Tolpuddle Vineyard Pinot Noir 2018 can’t stop gaining accolades. There are not many sites like the Tolpuddle Vineyard, and in the hands of Shaw and Smith, with their outstanding winemaking team, well it is a recipe for success.
Tolpuddle Vineyard Pinot Noir 2018 Wine Review
James Doidge, Decanter.com
“Fresh and vibrant; I love the purity – textured, expensive-tasting fruit. Lovely layers and balance, bright and fresh, lingers an age. Raspberries and cream, intense and pretty perfect. Roger Jones
Elegant, youthful with attractive notes of red cherries, raspberries and a hint of dried herbs and spices. Beautifully balanced with ripe, round tannins. Harmonious, silky and juicy, with a persistent finish. Dirceu Vianna Junior MW
Lovely sweet strawberry fruit with cracked black pepper. Supple tannins, hint of vanilla, earth and black spice. Great concentration, good length. Lovely Pinot!”
The beautiful island south of the Australian mainland that has carved out a reputation for quality sparkling wine and Pinot Noir. Tasmania’s cooler climate regions and extended growing season make it perfect for aromatic styles of wine. A wealth of quality focussed producers has helped lift the status of the whole island. Interestingly, despite notable differences, there is only the one GI in Tassie.
This is the most elusive grape. It is relatively early ripening and extremely sensitive to terroir. Its perfect place on earth is the Cote d’Or in Burgundy. So haunting are great red Burgundy’s charms that growers everywhere try to emulate them. Pinot Noir is not just a one-trick pony. Apart from the best reds in the world, you can find world-class Pinot Noir rosé, sparkling. You can even find sweet wines, whites on occasion and I’ve tasted a decent fortified Pinot Noir too.
The invasion of “Sunshine in a bottle” put Australian wine on the map. The fruity, easy-going, somewhat samey wines were endearing for a short time. Then the next big thing knocked them off their perch.
This forced producers to increase quality and emphasise the distinctive terroirs of Australia. Of which, there are many. And many more yet to be discovered.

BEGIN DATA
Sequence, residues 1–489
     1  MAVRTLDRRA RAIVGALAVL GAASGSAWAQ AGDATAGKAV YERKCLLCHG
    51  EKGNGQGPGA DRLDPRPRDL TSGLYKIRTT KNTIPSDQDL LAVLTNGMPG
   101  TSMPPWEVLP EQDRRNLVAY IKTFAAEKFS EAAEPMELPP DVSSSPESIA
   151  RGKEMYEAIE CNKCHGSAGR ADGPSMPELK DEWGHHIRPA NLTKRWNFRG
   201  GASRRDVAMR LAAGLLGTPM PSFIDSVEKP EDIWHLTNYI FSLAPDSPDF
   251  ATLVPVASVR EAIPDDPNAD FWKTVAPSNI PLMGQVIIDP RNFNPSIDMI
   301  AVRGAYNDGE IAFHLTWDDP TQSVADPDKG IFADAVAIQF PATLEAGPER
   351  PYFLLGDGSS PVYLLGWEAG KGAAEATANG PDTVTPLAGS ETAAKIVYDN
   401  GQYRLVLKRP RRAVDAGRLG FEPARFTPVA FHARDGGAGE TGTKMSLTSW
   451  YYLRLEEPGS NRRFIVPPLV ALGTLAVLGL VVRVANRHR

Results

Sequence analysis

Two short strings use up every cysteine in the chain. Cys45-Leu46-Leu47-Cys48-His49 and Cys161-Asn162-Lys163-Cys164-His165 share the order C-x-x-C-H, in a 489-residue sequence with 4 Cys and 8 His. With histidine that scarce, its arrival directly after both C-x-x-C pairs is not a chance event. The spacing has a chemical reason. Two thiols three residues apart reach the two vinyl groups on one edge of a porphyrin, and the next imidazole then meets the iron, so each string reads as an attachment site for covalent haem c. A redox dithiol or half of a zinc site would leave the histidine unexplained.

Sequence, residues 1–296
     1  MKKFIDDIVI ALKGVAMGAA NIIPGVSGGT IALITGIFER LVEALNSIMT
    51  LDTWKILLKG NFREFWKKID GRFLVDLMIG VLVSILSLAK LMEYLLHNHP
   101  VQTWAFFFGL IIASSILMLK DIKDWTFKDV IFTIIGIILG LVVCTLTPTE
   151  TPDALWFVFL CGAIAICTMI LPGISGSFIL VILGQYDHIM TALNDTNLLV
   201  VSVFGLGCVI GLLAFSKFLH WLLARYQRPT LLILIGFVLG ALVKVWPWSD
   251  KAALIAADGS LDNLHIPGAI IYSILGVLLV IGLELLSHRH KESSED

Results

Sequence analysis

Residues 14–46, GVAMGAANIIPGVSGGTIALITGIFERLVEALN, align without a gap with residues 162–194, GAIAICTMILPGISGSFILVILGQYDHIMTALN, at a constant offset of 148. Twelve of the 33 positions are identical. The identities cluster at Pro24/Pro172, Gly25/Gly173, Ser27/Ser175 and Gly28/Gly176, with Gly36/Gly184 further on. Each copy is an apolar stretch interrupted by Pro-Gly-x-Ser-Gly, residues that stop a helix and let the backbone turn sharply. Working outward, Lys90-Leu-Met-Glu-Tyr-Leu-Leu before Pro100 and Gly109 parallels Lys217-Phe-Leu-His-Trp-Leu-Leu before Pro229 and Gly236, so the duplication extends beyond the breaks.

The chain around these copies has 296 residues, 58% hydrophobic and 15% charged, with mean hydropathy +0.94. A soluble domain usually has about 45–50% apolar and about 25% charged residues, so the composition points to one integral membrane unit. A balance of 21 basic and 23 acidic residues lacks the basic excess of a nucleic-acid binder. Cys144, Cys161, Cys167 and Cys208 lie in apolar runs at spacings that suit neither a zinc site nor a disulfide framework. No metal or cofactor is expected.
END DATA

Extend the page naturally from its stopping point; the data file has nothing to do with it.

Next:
Wine is the result you get from fermented grape juice. There is proof of wine production dating back 8000 years ago. Fashions, innovations and many other factors have influenced the way wine has evolved over the years.
The wine grape is impressive. It contains everything you need to make grape wine except for the yeast, which lives on the outside of the skins.
Human inputs can influence the final product, including the viticulture (growing) choices. And the winemaker can shape the wine to a point too.
The best wines of the world often refer to terroir. Terroir is a French term that refers to all the climatic, geological and topographical influences on a specific piece of land. And it is true that neighbouring vineyards, grown identically, can taste noticeably different.
Fun fact; most of the colour for wines comes from the skins. There are only a handful of grapes that have red juice. Alicante is the most well known of these grapes.
By macerating the juice on the skins, the wine gains tannins, and flavours. Certain compounds change the chemistry of the wine too.
Red wines tend to have higher alcohol. More tannin and more oak flavours compared to other styles of wine. But the thousands of grapes and terroirs they grow in influence this.
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I, Phil, have been running The Wine Depository since 2011. The Wine Depository exists to make sure you are drinking the good wines. You can browse and pick what is interesting to you. Or you can make contact with me. I’ll make sure you get what you want, to your palate, to your budget and to your door.